With plans for new developments near the Swansea, Globeville and Elyria neighborhoods, there’s been a lot of talk in recent weeks about people being pushed out of their neighborhoods.
But what about the projects that have the potential to actually trap people in their neighborhoods?
One Denver City Councilwoman says there's a way around it.
To say the city of Denver is under construction is kind of an understatement, but North Denver is experiencing a construction overload.
It’s an issue City Councilwoman Deborah Ortega says needs immediate attention.
“We are starting to look at all the street closures that are going to be happening and not wait until they just happen,” Ortega said.
She says managing the closures of streets is critical for busses to get to Swansea school and for RTD to get people to and from work.
Then there is the possibility of an emergency.
“[If] somebody has a heart attack in the neighborhood, we have to be able to have Station 9 get across and be able to serve the community,” Ortega said.
She says the solution is proper communication, but that comes with a price of about $300,000.
That money would pay for new software and staff to be in charge of communicating what streets will be closed to the community so everyone can be prepared.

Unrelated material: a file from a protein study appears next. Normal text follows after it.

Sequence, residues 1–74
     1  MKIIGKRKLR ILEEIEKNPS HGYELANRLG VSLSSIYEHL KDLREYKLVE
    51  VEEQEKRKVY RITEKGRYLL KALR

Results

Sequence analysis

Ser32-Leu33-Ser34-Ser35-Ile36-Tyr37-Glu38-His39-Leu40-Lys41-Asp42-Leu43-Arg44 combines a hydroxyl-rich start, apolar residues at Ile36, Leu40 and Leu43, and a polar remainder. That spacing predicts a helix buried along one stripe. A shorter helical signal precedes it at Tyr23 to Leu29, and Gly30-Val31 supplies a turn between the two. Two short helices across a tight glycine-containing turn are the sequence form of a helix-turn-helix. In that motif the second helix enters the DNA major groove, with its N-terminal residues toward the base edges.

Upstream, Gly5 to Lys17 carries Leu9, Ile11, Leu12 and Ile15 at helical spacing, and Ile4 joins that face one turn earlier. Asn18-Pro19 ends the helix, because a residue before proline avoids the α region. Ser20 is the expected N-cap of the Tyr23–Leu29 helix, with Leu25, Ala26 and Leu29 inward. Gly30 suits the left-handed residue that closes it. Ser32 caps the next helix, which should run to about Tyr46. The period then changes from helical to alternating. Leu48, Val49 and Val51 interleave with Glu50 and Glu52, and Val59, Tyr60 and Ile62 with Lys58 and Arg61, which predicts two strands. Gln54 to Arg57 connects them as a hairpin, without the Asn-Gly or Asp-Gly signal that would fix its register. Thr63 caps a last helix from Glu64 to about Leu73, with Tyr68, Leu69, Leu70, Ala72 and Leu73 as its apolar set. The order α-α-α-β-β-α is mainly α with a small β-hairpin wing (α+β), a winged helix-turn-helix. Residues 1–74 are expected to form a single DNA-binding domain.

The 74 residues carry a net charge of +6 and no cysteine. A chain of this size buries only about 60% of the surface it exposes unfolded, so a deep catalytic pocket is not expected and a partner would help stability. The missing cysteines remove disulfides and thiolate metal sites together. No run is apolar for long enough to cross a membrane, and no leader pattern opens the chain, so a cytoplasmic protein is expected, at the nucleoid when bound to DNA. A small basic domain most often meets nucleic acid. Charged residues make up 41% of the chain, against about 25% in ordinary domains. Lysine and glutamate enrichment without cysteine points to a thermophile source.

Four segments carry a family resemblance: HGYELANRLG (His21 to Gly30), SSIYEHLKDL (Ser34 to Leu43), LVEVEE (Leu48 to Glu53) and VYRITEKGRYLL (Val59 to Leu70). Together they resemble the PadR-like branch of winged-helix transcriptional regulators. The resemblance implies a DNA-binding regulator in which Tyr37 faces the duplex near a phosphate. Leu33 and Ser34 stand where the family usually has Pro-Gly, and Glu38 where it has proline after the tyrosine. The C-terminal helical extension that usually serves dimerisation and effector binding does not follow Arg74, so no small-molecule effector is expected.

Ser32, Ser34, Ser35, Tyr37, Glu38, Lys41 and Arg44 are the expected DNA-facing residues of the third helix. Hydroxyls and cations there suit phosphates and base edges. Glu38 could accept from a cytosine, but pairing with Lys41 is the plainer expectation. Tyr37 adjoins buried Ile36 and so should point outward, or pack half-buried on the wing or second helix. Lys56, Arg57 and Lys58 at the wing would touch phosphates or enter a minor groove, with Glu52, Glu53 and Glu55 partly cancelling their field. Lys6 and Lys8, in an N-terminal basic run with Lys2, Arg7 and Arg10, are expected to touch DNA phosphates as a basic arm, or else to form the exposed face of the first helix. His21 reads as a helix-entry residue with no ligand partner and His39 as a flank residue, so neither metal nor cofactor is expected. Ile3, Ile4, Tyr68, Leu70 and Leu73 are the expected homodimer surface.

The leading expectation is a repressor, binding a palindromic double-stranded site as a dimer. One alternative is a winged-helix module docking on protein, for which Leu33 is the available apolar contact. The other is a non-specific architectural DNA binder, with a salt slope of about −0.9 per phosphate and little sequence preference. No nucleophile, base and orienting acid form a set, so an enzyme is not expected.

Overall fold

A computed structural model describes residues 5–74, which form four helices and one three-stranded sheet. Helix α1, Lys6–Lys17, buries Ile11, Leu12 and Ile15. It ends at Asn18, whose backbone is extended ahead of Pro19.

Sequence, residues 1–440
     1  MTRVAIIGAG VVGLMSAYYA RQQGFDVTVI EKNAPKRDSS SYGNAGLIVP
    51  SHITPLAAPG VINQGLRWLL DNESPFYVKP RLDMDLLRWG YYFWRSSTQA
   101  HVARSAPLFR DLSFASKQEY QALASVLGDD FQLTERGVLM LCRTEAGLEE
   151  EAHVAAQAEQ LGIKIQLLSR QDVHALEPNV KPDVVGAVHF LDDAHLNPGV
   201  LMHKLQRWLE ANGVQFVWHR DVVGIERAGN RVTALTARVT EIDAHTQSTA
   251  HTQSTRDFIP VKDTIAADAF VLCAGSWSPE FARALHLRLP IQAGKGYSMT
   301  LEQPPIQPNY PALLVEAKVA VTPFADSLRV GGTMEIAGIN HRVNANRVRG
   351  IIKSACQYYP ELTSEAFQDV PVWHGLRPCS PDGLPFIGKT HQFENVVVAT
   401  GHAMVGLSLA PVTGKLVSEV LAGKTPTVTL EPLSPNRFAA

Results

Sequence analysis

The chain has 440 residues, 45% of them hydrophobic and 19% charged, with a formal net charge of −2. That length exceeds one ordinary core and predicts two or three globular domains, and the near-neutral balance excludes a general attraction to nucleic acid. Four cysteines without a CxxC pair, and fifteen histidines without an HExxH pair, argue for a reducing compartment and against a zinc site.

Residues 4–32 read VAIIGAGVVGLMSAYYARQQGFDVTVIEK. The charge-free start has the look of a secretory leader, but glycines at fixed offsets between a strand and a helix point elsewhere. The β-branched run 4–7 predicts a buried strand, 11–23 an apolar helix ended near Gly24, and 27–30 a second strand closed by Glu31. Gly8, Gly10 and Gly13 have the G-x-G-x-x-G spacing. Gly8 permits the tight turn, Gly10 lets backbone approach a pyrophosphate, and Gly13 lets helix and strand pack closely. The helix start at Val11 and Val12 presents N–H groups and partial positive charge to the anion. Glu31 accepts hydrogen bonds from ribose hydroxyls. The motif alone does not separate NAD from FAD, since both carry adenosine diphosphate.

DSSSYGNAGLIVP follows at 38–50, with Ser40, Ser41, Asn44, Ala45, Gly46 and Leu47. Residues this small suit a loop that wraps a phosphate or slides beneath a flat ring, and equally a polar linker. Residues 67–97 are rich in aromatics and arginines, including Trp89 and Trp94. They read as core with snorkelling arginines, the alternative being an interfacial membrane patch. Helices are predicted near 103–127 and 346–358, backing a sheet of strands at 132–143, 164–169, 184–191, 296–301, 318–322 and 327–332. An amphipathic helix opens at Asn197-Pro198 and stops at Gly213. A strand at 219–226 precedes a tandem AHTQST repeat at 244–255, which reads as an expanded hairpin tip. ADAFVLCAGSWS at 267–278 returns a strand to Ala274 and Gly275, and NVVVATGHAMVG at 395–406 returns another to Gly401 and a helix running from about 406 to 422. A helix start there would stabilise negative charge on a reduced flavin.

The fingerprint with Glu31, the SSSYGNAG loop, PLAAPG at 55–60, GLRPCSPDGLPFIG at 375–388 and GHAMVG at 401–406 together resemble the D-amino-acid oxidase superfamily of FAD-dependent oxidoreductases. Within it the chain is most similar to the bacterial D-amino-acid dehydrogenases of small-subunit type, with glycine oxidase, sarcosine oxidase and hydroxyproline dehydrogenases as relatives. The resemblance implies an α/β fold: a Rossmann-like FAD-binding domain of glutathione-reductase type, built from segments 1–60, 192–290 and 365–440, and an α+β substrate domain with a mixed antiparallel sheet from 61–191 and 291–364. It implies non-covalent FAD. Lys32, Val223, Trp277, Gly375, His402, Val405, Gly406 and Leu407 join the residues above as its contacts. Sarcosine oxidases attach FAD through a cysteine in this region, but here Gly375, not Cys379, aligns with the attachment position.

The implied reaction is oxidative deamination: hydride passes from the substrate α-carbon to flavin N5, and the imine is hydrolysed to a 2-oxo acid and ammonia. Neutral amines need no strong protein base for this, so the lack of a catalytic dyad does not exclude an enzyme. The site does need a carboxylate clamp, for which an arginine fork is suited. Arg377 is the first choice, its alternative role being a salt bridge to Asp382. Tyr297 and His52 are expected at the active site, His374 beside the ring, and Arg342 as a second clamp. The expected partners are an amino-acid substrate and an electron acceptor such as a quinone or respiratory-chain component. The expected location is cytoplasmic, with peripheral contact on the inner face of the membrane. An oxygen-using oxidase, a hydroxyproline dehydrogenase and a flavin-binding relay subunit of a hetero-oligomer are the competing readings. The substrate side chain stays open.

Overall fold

The North Denver Cornerstone Collaborative that oversees city projects in North Denver sent us this statement.
“We know that the construction along Brighton Boulevard, along with upcoming projects and private development, is having an impact on our neighborhoods and commuters. We assure the community that we are working hard to mitigate those impacts, and as major projects come online that we will develop a plan to lessen such impacts, as well as identifying funding possibilities for that plan. We appreciate City Council’s work on this effort and assure our community that this is a priority for us and we will work to ensure residents have safe and accessible options to get around their neighborhoods.”
“We are not trying to shut down any of the projects we have happening it's just coordinating it all in a way that allows these neighborhoods and the businesses to survive,” Ortega said.
It’s something they want to address now before more projects like I-70 start.
“This area of the city already has restricted access as you can see your north and south connection is going to be challenged once this is under construction,” Ortega said.
The NDCC is looking for ways to pay for the plan, but another option is amending the 2018 budget.
That would need to be done in the next two weeks before the budget is formally adopted by the Denver City Council.